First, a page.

my kind of comfort food

I love mushrooms. LOVE. And my favorite kind is probably shiitake mushrooms. They have so much depth of flavor, and are so versitile. And though I always grew up eating them in only Japanese dishes, I love how they work in other genres.
There's a guy I go to every week at our local farmers market who grows shiitakes in tree trunks that he's predrilled. He leaves one tree trunk out for display, and the very last customer of the day gets the ones he picks from the display trunk--the freshest mushrooms of the day. It's beautiful and fascinating. And he sells out every Saturday by 10 am. So the mornings I'm running late, I've been pretty close to not getting what I want. But one time I got lucky and got a 1/2 lb from his display.

I've used these mushrooms for all sorts of dishes, but I think my favorite is to show off their earthy flavor in a creamy mushroom pasta. This sauce goes well with long or short pastas, but for some reason I think rigatoni works best.
It's so easy to alter this recipe. Sometimes I add baby spinach right at the end so it barely wilts, sometimes I add fresh basil, but my favorite sprinkle of green comes from the grassy, bright flavor of minced flat leaf parsley. But experiment and decide for yourself what you like.

pâtes à la crème et aux champignons
or "pasta with cream and mushrooms" (just wanted to sound fancy with the French)
1/2 lb fresh shiitake mushrooms, scrubbed clean, stems removed, and caps sliced 1/4 inch thick
1 tablespoon butter
1/2 cup heavy cream
1/4~1/2 cup combination of parmiggiano reggiano and gruyere cheeses, grated
1 tablespoon fresh flat leaf parsley, minced
salt and pepper to taste
1 lb pasta
  1. In a large saute pan, melt 1/2 tablespoon of the butter. Add enough mushrooms to just cover the bottom of the pan without overlapping. Season the mushrooms with salt and pepper and brown the mushrooms. Toss to saute both sides of the mushrooms and set aside. Repeat with remaining butter and mushrooms.
  2. Meanwhile, bring a large pot of water to a boil. Season the water with 1 tablespoon of kosher salt and cook pasta to al dente, reserving 1/2 cup of pasta water.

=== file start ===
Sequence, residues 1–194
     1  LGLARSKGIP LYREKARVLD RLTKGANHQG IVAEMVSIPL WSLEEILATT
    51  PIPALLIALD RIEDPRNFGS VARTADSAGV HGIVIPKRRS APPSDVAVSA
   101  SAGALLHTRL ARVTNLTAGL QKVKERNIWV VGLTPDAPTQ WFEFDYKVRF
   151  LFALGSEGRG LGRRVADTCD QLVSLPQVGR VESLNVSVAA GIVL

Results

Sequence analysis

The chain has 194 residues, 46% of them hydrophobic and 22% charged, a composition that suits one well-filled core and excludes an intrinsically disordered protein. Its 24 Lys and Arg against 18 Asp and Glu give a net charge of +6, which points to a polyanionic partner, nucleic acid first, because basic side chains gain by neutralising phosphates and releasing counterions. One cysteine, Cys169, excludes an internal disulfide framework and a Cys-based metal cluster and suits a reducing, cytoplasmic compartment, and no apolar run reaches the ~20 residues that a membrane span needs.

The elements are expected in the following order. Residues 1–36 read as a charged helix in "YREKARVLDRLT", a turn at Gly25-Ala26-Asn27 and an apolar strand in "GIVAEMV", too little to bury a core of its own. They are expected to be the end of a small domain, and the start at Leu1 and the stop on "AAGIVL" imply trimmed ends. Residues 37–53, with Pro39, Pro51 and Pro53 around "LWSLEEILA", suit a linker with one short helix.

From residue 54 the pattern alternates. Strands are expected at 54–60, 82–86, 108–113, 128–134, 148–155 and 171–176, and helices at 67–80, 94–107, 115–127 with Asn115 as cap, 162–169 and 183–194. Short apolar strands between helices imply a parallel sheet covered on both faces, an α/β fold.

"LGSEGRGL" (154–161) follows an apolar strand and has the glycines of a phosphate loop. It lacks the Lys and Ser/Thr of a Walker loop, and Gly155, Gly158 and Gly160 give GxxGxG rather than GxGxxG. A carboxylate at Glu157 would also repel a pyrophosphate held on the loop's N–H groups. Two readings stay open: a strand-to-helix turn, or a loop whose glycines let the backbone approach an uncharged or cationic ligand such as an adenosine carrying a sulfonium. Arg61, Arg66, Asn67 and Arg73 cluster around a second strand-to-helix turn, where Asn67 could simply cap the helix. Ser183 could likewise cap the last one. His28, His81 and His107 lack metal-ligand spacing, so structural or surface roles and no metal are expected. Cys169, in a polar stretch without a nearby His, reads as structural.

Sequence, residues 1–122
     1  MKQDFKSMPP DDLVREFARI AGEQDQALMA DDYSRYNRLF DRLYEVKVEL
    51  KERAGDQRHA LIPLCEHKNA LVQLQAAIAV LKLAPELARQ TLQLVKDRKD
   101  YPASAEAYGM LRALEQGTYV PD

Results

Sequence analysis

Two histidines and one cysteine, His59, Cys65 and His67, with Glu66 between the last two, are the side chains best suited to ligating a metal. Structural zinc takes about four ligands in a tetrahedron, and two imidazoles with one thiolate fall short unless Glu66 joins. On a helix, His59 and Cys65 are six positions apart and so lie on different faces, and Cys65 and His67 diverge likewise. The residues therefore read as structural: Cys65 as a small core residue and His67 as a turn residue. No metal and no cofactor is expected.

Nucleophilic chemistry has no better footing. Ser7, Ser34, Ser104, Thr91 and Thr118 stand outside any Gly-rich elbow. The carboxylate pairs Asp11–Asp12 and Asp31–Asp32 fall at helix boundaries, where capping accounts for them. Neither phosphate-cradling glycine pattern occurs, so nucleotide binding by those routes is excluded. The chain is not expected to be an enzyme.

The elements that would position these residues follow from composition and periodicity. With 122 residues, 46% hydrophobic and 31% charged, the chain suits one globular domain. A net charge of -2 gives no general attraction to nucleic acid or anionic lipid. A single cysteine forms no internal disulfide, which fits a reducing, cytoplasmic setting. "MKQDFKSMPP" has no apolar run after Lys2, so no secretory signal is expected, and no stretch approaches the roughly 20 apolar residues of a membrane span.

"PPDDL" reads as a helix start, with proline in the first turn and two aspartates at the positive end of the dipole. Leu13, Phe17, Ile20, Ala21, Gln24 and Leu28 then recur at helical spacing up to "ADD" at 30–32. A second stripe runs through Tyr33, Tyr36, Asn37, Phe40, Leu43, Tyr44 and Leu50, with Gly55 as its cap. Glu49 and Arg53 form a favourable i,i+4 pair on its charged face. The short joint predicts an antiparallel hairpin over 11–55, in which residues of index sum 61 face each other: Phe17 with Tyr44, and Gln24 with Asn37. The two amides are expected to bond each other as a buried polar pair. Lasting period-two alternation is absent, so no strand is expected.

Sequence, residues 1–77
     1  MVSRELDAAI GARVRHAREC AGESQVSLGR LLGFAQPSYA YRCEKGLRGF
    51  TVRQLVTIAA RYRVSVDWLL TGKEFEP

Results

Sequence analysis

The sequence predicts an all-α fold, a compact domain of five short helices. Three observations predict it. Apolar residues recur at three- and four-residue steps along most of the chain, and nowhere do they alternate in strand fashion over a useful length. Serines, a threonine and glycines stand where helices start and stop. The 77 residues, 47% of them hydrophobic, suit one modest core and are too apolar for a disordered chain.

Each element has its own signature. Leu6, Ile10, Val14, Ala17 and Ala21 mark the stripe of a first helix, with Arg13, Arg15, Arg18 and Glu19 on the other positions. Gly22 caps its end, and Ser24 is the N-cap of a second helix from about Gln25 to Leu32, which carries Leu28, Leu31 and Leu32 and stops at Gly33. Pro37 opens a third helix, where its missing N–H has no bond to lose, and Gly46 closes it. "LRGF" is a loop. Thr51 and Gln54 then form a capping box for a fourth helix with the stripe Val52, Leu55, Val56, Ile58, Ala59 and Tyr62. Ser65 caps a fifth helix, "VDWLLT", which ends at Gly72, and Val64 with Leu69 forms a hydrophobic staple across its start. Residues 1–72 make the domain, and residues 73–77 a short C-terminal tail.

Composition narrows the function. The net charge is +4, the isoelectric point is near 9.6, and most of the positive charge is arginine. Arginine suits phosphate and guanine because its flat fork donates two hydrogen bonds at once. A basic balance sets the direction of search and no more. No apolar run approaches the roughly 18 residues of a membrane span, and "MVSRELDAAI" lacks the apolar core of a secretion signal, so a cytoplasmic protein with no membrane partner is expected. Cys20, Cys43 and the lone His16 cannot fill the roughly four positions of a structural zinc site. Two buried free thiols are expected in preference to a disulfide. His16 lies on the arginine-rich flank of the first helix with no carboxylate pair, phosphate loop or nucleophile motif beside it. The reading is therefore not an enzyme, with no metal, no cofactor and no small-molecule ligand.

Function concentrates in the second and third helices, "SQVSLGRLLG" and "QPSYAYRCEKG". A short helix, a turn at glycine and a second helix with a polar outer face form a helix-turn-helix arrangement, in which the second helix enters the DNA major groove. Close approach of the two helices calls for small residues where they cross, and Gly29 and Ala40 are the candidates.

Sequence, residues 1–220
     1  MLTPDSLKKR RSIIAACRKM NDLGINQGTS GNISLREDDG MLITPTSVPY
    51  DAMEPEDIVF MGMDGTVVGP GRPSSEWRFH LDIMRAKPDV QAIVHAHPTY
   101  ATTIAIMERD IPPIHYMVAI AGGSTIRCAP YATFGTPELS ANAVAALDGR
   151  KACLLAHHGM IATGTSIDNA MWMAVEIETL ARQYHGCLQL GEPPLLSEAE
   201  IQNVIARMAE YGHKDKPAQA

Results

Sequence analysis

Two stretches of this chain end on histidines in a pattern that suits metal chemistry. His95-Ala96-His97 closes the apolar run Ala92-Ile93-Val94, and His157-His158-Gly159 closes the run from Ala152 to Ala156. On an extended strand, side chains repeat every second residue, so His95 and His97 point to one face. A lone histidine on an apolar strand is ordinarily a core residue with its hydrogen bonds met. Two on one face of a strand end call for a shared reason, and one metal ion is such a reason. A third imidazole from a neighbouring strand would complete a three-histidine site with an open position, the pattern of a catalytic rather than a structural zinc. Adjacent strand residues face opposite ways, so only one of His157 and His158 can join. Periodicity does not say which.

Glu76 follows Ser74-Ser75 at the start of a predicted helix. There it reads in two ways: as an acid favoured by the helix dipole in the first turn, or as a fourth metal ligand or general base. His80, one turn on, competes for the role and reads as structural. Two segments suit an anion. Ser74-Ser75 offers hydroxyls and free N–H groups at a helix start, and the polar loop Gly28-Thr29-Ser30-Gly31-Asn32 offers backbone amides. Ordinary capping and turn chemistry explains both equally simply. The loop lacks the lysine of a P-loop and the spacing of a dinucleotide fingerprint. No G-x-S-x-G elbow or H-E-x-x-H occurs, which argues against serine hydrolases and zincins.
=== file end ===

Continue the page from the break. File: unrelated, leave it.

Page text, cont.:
3. Once the mushrooms are cooked, add all of them back to pan. Add cream and cheeses, and stir gently until cheese is completely melted. 
  4. Add pasta and parsley and toss to coat. Add pasta water a little bit at a time to loosen the sauce if necessary. Serve immediately.

    from MY garden

    I can't believe it. I have a real garden. I have plants that are growing and I'm literally eating the fruits of my labors. I made salsa with home grown tomatoes for dinner tonight! And the other day we had norimaki with my own home grown mizuna (a leafy green, part of the mustard family, used often in Japan). I LOVE SUMMER! And even if I complain a lot about the humidity here, if it means even I can grow a garden, I think I can appreciate it:)

    japanese series part 3

    Ah, the farmer's market. I love walking around with my family and being inspired by what's available each week. Most weeks I buy some shiitake mushrooms and eggplant first, and then wander. And when it comes to eggplant, I'm generally drawn to Japanese eggplant. But this week I was inspired by this beautiful variety of baby eggplant.
    With such beautiful, delicate little eggplant, I wanted to showcase their texture and flavor by keeping it simple. My favorite way to eat eggplant is with a simple ginger and soy sauce dressing. Because this recipe only has 3 ingredients, it's really important to start with quality ingredients. Avoid soy sauce with added ingredients like sugar, and don't use dried ginger. Ginger is a lot easier to grate if it's frozen, and because it spoils quickly, I keep mine in the freezer all the time. And if you can find Japanese eggplant, do a little happy dance and buy it. You'll probably have to go to an Asian market to find it, unless you have an impressively stocked grocery store. Your typical globe eggplant is a little too bitter for this recipe.

    When it comes to cooking it through, there really aren't any short cuts. A properly cooked eggplant is buttery and rich, an undercooked eggplant is spongy and bitter. Don't be impatient. Trust me, I've made this mistake;)

    fresh ginger eggplant
    serves 4 as a side dish
    8~12 small eggplant
    1 teaspoon freshly grated ginger
    1 tablespoon good quality soy sauce
    neutral tasting oil for frying

    1. Clean eggplant, cut off the tops, and cut each eggplant in half lengthwise. In a small bowl, combine the ginger and soy sauce.
    2. Heave a large skillet, grill pan, or on a grill, to medium heat. Brush the cut side of the eggplant with the oil. Arrange the eggplant, cut side down, in a single layer on the skillet. If it doesn't fit, do it in batches. Cover, and let it cook through. The skin will wrinkle a little and the flesh will be tender all the way through.
    3. Place the eggplant cut side up on a serving platter, and drizzle the soy sauce/ginger mixture over the top and serve.